Woven's Grassroots Beginnings: Watch this Feature by CNN Philippines

How did Woven begin?

There were multiple starting points. At the time, they all seemed random and lacking in purpose. Looking back, though, it was possible to see how all of these points connected and fell into their rightful place. Officially, it began at the start of 2016. But before that, one of the founders was already doing volunteer work in the town of Basey in Western Samar. He was organizing the weaving communities in the area, helping them form associations so they could earn more and benefit from their craft.

As an old tradition, banig weaving used to be a good source of income for the women in Samar; they could pay for household expenses, raise their kids and send them to school with the money earned from weaving. But as the years went by, consolidators and entrepreneurs came in to buy the mats, keeping prices at their lowest while making high profits elsewhere. This put the weavers at a disadvantage. A family mat took about three to four weeks to complete, but a weaver earned only an average of Php 600 per month. The typical weaver was 50 years old and hunchbacked. She didn't see the value in continuing her weaving and she didn’t want her children to follow in her trade.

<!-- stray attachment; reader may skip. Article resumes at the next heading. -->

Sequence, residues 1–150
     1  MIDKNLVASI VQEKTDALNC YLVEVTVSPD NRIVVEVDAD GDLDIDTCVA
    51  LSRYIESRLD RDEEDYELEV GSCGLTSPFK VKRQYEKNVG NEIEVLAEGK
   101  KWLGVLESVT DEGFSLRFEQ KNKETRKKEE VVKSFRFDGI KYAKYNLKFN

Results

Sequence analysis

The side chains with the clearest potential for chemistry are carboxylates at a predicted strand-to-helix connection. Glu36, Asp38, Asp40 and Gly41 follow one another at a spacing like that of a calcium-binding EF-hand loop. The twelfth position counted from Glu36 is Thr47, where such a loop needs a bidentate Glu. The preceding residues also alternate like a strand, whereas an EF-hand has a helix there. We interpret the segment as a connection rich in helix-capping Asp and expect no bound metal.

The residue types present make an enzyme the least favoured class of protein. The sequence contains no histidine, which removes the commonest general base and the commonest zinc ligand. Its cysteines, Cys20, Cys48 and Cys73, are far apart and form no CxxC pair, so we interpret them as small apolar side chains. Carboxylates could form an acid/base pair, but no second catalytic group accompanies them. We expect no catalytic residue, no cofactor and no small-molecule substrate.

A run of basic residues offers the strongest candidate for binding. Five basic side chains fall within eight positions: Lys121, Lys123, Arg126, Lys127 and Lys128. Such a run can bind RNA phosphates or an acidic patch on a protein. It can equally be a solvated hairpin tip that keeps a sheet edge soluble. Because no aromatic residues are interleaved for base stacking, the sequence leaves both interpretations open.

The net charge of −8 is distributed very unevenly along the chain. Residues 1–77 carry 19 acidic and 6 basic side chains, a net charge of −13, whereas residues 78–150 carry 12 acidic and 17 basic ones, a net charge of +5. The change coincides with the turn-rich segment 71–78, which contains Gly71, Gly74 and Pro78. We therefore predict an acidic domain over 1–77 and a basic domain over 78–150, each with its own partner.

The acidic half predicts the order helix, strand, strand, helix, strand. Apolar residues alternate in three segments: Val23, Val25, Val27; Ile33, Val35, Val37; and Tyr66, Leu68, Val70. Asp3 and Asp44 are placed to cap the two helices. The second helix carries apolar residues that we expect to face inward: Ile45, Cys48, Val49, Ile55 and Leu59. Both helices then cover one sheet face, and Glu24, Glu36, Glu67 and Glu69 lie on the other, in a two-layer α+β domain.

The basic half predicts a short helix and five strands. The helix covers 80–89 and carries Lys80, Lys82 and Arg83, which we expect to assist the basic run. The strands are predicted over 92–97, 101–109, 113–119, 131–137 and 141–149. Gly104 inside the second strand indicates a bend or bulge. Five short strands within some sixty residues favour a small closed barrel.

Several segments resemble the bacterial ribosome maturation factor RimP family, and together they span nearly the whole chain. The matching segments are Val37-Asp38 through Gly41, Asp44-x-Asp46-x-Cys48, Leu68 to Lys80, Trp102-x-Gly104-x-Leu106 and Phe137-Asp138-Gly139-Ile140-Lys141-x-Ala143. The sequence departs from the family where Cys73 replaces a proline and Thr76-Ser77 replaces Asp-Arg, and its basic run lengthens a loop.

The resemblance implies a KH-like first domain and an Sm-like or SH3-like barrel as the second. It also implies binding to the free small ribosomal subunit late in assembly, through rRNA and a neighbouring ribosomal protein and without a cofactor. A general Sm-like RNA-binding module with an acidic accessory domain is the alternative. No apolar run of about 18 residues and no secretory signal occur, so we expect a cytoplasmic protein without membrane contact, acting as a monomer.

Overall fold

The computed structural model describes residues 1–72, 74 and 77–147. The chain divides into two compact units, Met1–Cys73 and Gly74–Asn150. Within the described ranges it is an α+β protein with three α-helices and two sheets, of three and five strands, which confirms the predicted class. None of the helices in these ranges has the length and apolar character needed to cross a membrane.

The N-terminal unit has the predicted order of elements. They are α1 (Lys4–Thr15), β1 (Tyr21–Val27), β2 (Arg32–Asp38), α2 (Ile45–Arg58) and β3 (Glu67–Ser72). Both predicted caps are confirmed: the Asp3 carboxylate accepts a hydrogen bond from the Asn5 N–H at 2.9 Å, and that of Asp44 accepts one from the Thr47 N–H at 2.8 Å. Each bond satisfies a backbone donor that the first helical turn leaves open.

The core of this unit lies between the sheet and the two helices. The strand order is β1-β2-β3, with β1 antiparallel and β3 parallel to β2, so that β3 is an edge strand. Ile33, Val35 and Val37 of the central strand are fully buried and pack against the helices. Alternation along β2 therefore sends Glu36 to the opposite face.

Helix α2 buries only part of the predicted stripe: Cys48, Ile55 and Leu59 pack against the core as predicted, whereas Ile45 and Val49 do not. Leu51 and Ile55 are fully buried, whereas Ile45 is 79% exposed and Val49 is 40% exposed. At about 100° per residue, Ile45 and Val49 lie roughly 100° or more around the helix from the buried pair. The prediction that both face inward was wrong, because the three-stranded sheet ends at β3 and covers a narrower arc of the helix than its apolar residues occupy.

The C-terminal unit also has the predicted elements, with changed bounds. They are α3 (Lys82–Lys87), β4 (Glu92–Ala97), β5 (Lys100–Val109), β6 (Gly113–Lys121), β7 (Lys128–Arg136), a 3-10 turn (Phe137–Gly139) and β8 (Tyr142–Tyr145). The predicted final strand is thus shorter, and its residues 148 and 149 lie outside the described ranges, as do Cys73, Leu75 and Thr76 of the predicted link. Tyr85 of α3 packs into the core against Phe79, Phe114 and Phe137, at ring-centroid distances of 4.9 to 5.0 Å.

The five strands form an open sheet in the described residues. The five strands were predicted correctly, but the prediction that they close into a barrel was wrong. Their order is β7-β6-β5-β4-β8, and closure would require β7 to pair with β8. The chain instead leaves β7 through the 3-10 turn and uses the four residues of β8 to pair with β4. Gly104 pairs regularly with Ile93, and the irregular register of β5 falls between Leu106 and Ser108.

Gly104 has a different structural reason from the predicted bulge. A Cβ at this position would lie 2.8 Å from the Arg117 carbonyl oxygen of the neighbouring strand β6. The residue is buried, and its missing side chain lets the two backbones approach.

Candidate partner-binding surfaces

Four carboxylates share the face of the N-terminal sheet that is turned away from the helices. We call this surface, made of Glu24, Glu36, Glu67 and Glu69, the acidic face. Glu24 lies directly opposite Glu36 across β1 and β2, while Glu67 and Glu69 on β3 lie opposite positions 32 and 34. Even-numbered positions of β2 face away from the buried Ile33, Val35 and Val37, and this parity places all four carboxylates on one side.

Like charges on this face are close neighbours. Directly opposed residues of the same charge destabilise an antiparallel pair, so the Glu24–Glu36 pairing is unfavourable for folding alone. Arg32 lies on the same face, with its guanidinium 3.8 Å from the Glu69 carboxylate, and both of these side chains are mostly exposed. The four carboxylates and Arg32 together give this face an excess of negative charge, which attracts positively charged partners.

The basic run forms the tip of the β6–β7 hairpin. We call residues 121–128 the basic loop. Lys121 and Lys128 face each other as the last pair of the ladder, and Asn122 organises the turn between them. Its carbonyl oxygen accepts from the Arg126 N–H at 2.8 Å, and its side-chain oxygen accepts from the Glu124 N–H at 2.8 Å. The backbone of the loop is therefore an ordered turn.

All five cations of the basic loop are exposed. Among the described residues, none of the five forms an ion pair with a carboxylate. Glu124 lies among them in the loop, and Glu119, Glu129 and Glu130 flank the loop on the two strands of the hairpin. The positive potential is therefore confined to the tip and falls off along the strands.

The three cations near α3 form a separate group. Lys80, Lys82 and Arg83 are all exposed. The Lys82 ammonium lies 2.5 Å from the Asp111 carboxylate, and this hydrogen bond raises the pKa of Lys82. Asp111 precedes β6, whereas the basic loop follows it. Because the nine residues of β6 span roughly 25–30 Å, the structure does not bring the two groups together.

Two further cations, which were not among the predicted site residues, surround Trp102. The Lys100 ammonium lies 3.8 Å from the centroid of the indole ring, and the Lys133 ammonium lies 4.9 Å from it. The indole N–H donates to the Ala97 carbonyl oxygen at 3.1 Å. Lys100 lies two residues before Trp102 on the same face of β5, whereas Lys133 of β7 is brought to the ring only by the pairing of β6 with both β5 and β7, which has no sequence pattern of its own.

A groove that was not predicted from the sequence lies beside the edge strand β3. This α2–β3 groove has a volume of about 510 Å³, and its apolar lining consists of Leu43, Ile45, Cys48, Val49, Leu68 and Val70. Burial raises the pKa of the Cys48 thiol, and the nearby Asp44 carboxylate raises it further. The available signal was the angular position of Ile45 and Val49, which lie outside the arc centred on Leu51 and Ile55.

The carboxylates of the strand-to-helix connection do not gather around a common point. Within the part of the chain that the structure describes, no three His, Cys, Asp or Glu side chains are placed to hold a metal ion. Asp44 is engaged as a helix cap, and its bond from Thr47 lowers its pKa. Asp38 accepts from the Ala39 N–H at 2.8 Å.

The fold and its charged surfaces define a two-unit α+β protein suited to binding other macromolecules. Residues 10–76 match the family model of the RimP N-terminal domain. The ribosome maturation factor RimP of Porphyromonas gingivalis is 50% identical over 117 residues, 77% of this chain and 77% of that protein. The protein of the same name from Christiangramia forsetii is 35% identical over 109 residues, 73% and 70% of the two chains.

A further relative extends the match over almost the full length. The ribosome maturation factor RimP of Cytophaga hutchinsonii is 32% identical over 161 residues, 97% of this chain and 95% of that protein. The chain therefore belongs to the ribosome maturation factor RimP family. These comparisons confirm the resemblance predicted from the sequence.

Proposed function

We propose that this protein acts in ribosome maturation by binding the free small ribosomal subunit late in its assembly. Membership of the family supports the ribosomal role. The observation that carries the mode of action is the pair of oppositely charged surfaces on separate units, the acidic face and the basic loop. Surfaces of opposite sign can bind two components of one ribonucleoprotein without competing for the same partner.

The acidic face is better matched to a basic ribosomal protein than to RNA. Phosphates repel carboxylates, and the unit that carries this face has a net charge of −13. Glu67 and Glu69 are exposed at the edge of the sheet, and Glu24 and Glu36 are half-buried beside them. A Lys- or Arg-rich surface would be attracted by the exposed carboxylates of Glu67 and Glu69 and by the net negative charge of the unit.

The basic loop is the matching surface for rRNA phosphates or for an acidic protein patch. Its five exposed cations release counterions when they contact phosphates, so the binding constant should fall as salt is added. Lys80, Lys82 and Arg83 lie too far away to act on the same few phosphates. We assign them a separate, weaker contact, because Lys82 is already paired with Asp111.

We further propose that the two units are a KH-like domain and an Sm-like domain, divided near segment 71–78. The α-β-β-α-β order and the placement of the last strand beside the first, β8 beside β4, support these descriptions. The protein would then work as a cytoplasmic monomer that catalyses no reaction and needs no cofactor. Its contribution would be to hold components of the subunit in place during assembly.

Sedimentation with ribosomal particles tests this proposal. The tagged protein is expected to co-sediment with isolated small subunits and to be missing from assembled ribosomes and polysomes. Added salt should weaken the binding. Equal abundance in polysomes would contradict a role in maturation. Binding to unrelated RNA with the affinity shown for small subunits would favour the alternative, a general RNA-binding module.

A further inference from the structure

Woven aims to change that. We hope to uplift the lives of artisans involved in traditional crafts and produce high-quality local products for the modern world. If you want to know more, you can check out the CNN Philippines feature below to know how all the points connected and how we intend to support our local weavers:

Photos and videos of the community by Trish Lim

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